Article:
Whether you have a traditional IRA or a retirement account, at some point you’ll need to take required minimum distributions (RMDs). Below are four key provisions from the SECURE 2.0 Act that could impact your RMDs.
|RMDs begin later
||The RMD age increases to 73 for 2023 and to 75 in 2033.
||By delaying the age you must begin RMDs, your account has the potential to grow tax- deferred for a longer period of time.
|Lower tax penalties for failing to take RMDs on time||Effective in 2023, the penalty tax for failing to take RMDs is reduced from 50% to 25%. If the failure to take an RMD from an IRA is corrected in a timely manner, the tax penalty is reduced from 25% to 10%.
||The original tax penalty of 50% struck many people as punitive. The new tax penalty seems more reasonable and spares people an excessively harsh penalty for what is often an honest mistake.
|Roth 401(k)s are no longer subject to RMDs
||Effective in 2023, the Roth account in an employer retirement plan is not subject to RMDs during the participant’s lifetime.
||This change puts the Roth 401(k) option on par with the Roth IRA (which has never required RMDs). This eliminates the need to do an IRA rollover to avoid taking RMDs from the Roth portion of a 401(k) and allows money to continue growing tax-deferred.
|More advantageous RMD beginning date for surviving spouses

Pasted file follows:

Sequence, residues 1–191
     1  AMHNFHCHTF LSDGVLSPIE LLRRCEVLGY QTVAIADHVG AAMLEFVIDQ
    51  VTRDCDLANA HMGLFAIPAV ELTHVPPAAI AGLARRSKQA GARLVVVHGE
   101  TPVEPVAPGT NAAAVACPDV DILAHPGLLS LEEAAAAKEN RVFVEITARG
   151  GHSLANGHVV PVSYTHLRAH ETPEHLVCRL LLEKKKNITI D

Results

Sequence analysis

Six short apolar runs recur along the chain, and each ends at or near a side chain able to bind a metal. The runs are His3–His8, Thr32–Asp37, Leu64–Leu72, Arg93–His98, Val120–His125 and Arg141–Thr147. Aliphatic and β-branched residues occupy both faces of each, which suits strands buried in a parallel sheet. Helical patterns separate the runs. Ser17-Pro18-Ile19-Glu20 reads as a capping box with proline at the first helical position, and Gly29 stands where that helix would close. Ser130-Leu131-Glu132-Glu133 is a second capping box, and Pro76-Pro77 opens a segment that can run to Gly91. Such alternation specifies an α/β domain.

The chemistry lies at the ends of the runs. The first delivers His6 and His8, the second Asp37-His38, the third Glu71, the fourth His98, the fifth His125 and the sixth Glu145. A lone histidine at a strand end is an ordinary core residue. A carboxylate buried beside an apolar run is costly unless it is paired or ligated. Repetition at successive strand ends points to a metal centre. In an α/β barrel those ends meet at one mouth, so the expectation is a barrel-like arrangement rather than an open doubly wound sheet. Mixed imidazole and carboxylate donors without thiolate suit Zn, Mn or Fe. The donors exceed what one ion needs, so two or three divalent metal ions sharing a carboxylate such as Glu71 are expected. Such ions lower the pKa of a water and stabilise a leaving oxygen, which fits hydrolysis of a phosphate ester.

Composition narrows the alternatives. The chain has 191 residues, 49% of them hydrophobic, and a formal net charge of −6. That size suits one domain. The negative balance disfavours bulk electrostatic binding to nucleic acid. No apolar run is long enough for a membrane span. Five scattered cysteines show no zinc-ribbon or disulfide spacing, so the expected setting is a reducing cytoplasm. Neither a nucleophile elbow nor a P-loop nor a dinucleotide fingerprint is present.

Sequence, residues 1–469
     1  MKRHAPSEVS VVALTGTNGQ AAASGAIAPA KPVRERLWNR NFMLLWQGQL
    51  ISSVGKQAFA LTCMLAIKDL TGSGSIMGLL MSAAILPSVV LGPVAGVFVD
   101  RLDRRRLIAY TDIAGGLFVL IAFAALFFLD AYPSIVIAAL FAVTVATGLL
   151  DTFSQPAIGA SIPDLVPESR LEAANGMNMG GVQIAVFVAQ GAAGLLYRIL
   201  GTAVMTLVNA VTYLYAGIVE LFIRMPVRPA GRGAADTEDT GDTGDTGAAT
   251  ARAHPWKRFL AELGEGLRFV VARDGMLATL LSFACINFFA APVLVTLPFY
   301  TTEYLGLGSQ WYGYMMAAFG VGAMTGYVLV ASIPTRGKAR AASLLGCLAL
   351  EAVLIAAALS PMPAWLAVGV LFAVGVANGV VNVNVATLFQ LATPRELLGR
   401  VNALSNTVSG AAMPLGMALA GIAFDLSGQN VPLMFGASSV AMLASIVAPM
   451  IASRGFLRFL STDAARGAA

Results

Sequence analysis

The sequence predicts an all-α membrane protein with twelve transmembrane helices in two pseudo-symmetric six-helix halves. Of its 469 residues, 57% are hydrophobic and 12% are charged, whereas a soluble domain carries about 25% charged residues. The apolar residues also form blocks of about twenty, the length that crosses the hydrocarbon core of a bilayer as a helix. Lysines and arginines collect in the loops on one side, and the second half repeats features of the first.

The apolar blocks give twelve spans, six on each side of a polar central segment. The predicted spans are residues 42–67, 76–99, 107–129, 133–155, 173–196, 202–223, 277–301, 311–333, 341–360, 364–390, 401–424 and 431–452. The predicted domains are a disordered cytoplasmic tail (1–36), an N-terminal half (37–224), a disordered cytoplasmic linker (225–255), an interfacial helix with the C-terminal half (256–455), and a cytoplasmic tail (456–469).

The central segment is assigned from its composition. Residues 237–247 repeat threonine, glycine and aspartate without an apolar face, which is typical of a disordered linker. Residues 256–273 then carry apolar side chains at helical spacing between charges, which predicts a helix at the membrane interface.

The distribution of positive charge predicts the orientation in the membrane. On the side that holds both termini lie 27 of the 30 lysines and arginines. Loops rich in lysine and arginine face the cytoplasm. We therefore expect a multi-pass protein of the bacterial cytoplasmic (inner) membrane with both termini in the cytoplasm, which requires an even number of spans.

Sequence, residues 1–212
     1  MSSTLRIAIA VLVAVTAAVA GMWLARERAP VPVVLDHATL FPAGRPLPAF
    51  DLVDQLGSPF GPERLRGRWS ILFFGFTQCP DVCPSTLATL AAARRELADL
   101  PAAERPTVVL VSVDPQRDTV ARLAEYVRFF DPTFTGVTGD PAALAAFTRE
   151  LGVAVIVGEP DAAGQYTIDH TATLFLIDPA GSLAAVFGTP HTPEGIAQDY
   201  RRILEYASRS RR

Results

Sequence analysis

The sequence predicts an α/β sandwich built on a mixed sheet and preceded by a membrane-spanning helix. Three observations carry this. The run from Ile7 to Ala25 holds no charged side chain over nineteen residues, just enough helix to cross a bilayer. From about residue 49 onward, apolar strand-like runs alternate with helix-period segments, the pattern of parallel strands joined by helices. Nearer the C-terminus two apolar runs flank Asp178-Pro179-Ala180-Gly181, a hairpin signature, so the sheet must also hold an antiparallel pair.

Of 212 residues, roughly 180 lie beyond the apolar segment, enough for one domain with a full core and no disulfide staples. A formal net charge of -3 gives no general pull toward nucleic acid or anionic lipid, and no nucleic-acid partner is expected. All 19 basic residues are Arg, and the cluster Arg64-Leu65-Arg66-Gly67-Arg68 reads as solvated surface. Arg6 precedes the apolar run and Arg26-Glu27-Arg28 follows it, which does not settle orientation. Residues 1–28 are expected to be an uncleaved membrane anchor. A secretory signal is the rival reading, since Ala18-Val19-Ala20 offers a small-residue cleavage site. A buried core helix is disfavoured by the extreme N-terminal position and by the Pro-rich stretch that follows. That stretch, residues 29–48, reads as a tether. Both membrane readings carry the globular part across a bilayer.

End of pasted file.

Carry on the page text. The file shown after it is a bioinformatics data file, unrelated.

||Effective in 2024, a surviving-spouse beneficiary can be treated the same as the deceased spouse when determining the beginning age for RMDs. The required beginning date won’t be earlier than the date on which the employee would’ve been required to begin RMDs.
||By delaying the starting date for a spousal beneficiaries, money is allowed to continue growing tax-deferred for longer before RMDs begin.
For more information about the SECURE 2.0 Act, please talk to your financial professional.
The views expressed here should not be construed as investment advice. They are based on available information and are subject to change without notice. The information above is intended as general information and is not intended to provide, nor may it be construed as providing, tax, accounting, or legal advice. As with all matters of a tax or legal nature, please consult with your tax or legal counsel for advice. This material and/or its contents are current at the time of writing and may not be reproduced or distributed in whole or in part, for any purpose, without the express written consent of Hartford Funds.
Source: U.S. Government Publishing Office, “Consolidated Appropriations Act, 2023”
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